New study shows that chains haven’t reduced the kilojoule content of their foods since 2009
An Australian-first study by Cancer Council NSW has revealed that kilojoule content in foods from some of Australia’s top fast food chains have remained the same since menu labelling became compulsory in 2012, despite rising obesity rates.
The study conducted by Cancer Council NSW and The George Institute for Global Health looked at the energy content of foods at Hungry Jack’s, KFC, McDonald’s, Oporto and Red Rooster restaurants across a 7-year period, recording the kilojoules of menu items every year, both before and after the introduction of the NSW fast food menu labelling legislation.
“We found that overall, there was no significant or systematic reduction in kilojoule content since the introduction of menu labelling,” says Clare Hughes, Nutrition Program Manager at Cancer Council NSW.
“Reformulation has the potential to significantly improve fast food consumers’ energy intake. Yet fast food chains have not seen menu labelling as an incentive to reformulate.”
Menu labelling, introduced in NSW in 2012 and since adopted in four other states and territories, means that any fast food restaurant with 20 or more stores across the state or 50 or more nationally has to show kilojoule information on menus and displays in their restaurants. It was introduced to reduce the impact of fast food on population health by providing people with clear information so they can make healthier choices based on the kilojoules in their food.
“In addition to providing customers with information to make healthier choices, we expected menu labelling to drive fast food chains to improve the healthiness of menus by removing particularly unhealthy items, adding healthier options, reducing portion sizes or reformulating foods (improving levels of fat and sugar) to reduce kilojoule content,” Ms Hughes added.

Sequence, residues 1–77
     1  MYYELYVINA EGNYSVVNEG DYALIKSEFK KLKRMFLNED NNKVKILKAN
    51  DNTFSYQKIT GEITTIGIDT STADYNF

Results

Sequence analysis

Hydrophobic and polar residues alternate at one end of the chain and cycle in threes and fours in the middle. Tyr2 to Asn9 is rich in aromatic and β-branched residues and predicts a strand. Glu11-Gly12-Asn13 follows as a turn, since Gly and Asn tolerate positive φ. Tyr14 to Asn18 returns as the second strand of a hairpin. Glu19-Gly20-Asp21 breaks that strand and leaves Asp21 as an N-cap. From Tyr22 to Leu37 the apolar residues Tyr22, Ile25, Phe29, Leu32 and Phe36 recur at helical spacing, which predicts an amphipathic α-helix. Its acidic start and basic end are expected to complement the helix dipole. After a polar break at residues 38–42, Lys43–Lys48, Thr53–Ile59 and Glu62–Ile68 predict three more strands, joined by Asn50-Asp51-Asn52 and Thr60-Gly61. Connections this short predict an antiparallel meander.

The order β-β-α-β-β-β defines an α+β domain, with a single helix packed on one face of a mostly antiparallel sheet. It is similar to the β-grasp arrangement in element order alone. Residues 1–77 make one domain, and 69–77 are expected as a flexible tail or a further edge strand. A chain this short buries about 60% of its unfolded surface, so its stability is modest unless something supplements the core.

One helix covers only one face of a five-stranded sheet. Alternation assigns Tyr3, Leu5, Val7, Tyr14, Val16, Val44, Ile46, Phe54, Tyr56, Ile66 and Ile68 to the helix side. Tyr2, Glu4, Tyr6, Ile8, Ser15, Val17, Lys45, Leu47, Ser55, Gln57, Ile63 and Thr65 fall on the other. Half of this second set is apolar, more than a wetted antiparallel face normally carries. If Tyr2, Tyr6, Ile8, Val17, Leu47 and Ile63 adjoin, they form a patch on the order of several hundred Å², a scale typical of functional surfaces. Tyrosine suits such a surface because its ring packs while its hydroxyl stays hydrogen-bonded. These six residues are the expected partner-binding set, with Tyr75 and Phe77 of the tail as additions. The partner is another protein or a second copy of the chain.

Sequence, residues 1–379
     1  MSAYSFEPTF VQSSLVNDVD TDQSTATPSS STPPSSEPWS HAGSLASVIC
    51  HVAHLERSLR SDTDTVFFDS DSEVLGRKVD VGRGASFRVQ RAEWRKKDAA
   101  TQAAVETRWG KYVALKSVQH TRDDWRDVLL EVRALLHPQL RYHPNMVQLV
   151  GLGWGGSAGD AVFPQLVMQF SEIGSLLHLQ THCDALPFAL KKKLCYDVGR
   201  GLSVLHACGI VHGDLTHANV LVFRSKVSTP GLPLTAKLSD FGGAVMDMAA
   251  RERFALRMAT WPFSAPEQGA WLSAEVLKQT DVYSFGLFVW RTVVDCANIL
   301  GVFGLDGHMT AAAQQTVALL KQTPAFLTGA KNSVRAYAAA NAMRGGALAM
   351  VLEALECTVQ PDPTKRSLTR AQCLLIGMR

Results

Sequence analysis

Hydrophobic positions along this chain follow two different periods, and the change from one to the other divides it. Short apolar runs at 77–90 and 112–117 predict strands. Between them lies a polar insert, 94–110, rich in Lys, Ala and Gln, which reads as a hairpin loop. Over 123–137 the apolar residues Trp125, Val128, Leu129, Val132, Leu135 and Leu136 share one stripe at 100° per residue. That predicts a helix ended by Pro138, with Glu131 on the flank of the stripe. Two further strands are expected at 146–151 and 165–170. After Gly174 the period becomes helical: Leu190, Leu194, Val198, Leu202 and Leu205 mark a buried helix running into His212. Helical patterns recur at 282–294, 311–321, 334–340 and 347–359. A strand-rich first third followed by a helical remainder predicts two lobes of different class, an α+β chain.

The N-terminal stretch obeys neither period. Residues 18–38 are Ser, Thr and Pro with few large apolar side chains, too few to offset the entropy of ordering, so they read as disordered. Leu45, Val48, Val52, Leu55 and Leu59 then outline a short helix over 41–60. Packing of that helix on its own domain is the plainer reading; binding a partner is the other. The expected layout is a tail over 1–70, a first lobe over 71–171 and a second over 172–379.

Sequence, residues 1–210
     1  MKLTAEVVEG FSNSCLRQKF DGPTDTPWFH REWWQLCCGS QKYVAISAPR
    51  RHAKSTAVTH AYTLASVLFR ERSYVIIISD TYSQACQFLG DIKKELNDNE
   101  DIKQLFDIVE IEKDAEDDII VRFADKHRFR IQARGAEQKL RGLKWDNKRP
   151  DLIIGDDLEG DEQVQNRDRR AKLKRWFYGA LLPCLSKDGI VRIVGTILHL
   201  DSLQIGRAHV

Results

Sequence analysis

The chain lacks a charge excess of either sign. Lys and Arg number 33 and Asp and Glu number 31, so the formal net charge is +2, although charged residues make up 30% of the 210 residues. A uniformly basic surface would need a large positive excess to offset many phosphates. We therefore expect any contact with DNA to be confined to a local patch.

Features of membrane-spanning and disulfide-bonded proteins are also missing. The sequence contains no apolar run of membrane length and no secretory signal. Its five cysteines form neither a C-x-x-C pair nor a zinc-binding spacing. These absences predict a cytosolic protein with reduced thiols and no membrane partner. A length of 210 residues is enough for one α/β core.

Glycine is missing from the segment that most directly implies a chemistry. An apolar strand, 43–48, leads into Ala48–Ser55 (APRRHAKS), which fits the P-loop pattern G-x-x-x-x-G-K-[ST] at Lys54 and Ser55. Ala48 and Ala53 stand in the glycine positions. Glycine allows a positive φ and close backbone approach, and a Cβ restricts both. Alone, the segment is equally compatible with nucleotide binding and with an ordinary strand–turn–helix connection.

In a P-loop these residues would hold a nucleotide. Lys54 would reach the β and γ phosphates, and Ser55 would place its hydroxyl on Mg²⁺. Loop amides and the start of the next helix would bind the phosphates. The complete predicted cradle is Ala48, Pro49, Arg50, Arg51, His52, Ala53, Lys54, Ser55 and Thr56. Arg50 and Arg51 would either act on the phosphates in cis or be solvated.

Evidence shows that since the introduction of menu labelling in 2012, customers were opting for lower kilojoule options.
“Given that we’ve seen that menu labelling is successful in helping people make healthier choices, we now call on government to work with the fast food industry to rethink their menus and set reformulation targets, to ultimately provide healthier options for their customers,” Ms Hughes concluded.
Media contact: Eden Patrick, Cancer Council NSW, T: (02) 9334 1903; M: 0421 517 245; email@example.com
Notes to Editors
About the study
- “Monitoring the changes to the nutrient composition of fast foods following the introduction of menu labelling in New South Wales, Australia: an observational study” is a study by Cancer Council NSW and The George Institute for Global Health researchers published in Public Health Nutrition.
- It’s the first Australian study that looks at changes to fast-food menu item energy content following the implementation of menu labelling.
- The study examined the energy (kilojoule) content of Australian fast-food menu items over seven years (2009-2015), before and after the introduction of menu labelling, to determine the impact of legislation.
- The data was collected annually from five of Australia’s largest fast food chains: Hungry Jack’s, KFC, McDonald’s, Oporto and Red Rooster.
- Over 60% of Australian adults are overweight or obese. Increases in consumption of high-sugar/fat, energy-dense foods over the past few decades have contributed to this high rate of overweight and obesity, and fast-food outlets are an increasing source of energy-dense foods in the Australian diet.
- The Federal Government’s Healthy Food Partnership was established two years ago in part to look at making fast foods healthier. The government is also currently reviewing a national approach to menu labelling. It’s time to accelerate both initiatives to ensure healthier choices are made easier for all Australians.